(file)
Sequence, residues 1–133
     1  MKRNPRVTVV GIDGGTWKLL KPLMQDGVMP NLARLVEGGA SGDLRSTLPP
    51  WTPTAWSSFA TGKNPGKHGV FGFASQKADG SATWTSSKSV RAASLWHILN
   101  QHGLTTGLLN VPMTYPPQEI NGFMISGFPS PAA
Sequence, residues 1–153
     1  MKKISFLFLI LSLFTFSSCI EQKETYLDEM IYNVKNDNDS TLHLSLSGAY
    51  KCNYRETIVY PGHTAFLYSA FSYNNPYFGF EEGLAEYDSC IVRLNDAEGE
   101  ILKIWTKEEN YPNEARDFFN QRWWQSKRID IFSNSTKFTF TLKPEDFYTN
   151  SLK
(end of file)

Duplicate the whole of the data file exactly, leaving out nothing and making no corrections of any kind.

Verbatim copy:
Sequence, residues 1–133
     1  MKRNPRVTVV GIDGGTWKLL KPLMQDGVMP NLARLVEGGA SGDLRSTLPP
    51  WTPTAWSSFA TGKNPGKHGV FGFASQKADG SATWTSSKSV RAASLWHILN
   101  QHGLTTGLLN VPMTYPPQEI NGFMISGFPS PAA
Sequence, residues 1–153
     1  MKKISFLFLI LSLFTFSSCI EQKETYLDEM IYNVKNDNDS TLHLSLSGAY
    51  KCNYRETIVY PGHTAFLYSA FSYNNPYFGF EEGLAEYDSC IVRLNDAEGE
   101  ILKIWTKEEN YPNEARDFFN QRWWQSKRID IFSNSTKFTF TLKPEDFYTN
   151  SLK